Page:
If the Emmys were hoping to "solve" Hollywood's diversity problem, it didn't do so Monday night -- and it became a running theme throughout the evening.
The 70th Primetime Emmy Awards, hosted by Saturday Night Live's Colin Jost and Michael Che, opened with an elaborate song-and-dance number, cheekily titled "We Solved It," where stars poked fun about the industry's call for inclusion in front of and behind the camera in response to Hollywood's ongoing diversity issue.
Stars like Sterling K. Brown, Kate McKinnon, Kenan Thompson, Aidy Bryant, Tituss Burgess, Kristen Bell, RuPaul, Andy Samberg, Ricky Martin and John Legend sang and danced their way through the satirical number, which called out various discrepancies and long overdue moments, like Sandra Oh's history-making Emmy nomination as the first Asian woman to be recognized in a lead acting category ever. Oh joked from her seat during the performance that it was "an honor just to be Asian." "There were none. Now there's one. And so we're done," quipped Thompson and McKinnon.
The performance also featured The One-of-Each Dancers, a tongue-in-cheek display of inclusiveness.
Following the opening number, Jost and Che commented on the state of diversity in television in their opening monologue, acknowledging that it remains front of mind.
"Things are getting better but as we all know, TV has always had a diversity problem. Can you believe that they did 15 seasons of ER without one Filipino nurse? Have you been to a hospital?" Che said. "Even on a great show like Cheers. You're telling me they made a show about an all-white sports bar in 1980s Boston and not one black dude walked in, saw everybody and walked right out immediately?"
"There's even more diversity coming to TV. There's a Latino Magnum P.I. There's going to be a black Samantha in a reboot of Bewitched. But it's all going to get balanced out by an all-white reboot of Atlanta called 15 Miles Outside of Atlanta," Jost said. "And it focuses on white women who call the police on the cast of Atlanta," Che joked.
After Hollywood legend Betty White took the stage to a standing ovation for a special Emmy moment, presenter James Corden offered a witty zinger: "Let's get it trending: #EmmysSoWhite!" At that point in the telecast (about an hour in), all of the winners had been white. Regina King was the first non-white Emmy winner on the telecast, taking home the statuette for Outstanding Lead Actress in a Limited Series or TV Movie for Seven Seconds, more than an hour into the show.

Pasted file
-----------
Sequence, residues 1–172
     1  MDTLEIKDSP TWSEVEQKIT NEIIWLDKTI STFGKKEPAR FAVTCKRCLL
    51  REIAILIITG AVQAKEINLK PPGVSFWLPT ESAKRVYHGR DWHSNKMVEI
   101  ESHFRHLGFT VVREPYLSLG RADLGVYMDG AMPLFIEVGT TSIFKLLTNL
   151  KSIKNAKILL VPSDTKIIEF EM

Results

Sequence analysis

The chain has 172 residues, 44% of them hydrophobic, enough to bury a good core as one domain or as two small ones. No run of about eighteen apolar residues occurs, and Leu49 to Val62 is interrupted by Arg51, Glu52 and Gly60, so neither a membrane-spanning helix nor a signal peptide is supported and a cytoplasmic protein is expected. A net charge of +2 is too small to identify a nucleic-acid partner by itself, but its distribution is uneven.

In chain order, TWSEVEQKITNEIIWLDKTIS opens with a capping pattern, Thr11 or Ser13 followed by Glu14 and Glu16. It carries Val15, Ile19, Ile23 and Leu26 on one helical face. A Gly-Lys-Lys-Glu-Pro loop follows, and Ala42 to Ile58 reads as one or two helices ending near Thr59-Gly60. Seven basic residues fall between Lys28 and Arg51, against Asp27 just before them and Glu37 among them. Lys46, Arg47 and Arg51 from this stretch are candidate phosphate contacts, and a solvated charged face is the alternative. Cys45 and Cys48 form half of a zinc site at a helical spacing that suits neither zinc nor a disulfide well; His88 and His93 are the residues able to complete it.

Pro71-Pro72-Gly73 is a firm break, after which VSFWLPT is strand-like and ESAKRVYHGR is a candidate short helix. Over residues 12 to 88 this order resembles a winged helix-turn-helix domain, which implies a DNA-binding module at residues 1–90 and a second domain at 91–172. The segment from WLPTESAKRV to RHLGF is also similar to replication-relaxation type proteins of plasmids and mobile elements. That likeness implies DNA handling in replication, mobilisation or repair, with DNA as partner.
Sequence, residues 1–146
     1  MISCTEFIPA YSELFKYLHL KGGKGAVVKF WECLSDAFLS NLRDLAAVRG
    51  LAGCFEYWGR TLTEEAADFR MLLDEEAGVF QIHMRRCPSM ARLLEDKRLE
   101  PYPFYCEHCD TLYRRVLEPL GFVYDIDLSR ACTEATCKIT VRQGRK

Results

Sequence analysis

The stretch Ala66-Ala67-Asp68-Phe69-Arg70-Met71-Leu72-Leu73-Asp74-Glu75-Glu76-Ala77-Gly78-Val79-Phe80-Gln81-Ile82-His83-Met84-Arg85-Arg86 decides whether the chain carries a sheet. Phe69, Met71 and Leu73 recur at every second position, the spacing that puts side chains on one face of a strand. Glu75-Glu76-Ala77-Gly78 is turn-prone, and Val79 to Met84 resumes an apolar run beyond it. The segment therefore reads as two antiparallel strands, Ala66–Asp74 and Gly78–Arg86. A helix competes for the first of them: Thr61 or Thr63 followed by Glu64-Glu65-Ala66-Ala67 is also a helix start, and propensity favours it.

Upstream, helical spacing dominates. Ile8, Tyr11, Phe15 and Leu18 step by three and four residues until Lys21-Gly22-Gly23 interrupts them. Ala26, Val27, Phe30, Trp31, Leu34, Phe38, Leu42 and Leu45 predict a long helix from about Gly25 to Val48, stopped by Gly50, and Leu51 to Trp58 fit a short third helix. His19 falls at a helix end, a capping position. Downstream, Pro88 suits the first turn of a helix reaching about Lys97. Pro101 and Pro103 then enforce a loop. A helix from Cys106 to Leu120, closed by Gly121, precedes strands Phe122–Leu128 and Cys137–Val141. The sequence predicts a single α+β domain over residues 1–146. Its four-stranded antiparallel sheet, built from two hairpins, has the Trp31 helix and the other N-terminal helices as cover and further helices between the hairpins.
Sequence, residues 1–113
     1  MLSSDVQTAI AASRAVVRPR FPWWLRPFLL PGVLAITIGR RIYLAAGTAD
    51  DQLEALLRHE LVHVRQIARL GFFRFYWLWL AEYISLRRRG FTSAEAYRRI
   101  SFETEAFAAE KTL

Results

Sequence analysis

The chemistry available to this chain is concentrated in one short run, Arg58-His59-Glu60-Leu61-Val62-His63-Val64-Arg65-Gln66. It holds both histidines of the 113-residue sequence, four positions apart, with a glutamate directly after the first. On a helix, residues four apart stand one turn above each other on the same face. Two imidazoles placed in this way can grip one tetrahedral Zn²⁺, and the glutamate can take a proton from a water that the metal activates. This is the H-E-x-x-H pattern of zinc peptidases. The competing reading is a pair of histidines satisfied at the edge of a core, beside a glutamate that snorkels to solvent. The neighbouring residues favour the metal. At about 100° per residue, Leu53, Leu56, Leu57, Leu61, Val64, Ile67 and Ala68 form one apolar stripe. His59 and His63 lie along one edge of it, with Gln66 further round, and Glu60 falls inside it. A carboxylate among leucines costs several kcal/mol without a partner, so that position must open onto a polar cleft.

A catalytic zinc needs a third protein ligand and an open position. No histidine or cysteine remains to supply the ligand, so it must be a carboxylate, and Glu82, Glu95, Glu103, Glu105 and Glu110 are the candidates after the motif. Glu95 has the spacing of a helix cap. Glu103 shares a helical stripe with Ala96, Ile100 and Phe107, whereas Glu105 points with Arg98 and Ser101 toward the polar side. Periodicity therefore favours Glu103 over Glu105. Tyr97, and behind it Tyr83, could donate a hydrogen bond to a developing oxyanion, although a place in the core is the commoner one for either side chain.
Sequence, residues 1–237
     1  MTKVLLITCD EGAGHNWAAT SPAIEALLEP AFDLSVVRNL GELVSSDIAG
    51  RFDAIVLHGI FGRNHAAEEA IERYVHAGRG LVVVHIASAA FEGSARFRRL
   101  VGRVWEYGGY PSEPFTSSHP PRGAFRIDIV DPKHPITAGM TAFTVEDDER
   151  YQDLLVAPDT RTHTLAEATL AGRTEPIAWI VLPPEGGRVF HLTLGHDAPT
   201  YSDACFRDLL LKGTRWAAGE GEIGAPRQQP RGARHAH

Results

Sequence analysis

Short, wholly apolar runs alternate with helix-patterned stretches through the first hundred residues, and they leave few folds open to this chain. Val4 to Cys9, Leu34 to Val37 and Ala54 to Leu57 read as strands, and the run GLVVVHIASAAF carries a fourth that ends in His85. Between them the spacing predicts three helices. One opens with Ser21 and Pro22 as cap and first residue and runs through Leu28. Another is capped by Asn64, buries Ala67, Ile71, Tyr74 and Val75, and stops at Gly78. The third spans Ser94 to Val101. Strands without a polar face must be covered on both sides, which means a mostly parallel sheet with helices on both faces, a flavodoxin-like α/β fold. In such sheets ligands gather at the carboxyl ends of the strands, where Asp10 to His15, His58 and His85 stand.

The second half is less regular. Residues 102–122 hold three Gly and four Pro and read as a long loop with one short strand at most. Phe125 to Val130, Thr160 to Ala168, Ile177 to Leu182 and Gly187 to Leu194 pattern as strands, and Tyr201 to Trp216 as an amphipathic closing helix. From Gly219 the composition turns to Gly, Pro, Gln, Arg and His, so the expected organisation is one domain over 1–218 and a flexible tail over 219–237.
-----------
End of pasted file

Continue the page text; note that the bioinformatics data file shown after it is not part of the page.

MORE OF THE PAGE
Later on in the telecast, Che introduced a pre-taped sketch, the "Reparation Emmys," which called out all the overlooked black comedians in the past several decades -- from Marla Gibbs and Jimmie Walker to Kadeem Hardison and Jaleel White -- "to right some of those wrongs." "You know [Bryan Cranston] only won because he's white? If he was black, he would probably be bagging groceries at Trader Joe's somewhere," a possible reference to former Cosby Show star Geoffrey Owens, who has since landed acting gigs on OWN's The Haves and Have Nots and a guest spot on CBS' NCIS: New Orleans.
While the Emmys focused much of its telecast on Hollywood's diversity problem during its three-hour ceremony, it was status quo for the most part, in comparison to the past three years. By the end of this year's telecast, only a handful of winners -- King; The Assassination of Gianni Versace: American Crime Story's Darren Criss, who is half-Filipino; Westworld's Thandie Newton; and RuPaul's Drag Race's RuPaul -- were non-white. In comparison, the past two Primetime Emmy telecasts produced five winners who were people of color.
There were many almosts, too. If Atlanta'sHiro Murai would have won the directing Emmy for the episode, “Teddy Perkins,” he would have become one of only a few Asian directors -- Cary Fukunaga (True Detective) and Tony To (Band of Brothers) -- to win a directing prize. If Atlanta'sStefani Robinson hadwon an Emmy for writing, she would have followed Lena Waithe as the second consecutive black woman to win for comedy. Donald Glover was also nominated in the same category.
Had Issa Rae or Tracee Ellis Ross won the top comedy acting prize, they would have become the first black actress to win the category in 37 years. And if This Is Us' Sterling K. Brown had won Lead Actor in a Drama Series, it would have marked his second consecutive win in the category -- and third straight win at the Emmys.
Before the Emmys telecast began, Oh was realistic about her chances of making history as the first woman of Asian descent to win a lead actress Emmy -- and perhaps a larger observation about achieving progressoverall, telling ET's Kevin Frazier on the carpetthat progress takes time.
"Images are extremely important to culture, and being a part of that image making, I take a great responsibility, and I'm very grateful for my job to be able to do so. I hope that the wave continues and we see real change," she told ET on Monday. "But it's also [important] to be patient, you know what I mean? Because change is slow and I don't want people to ever give up on it."
"We can talk about how long it is, but change does take a long time, so the more that we talk about it, the more that we have opportunities to be in front of an audience, to say, 'Hey, we're a part of culture too,' I think just the better," Oh noted.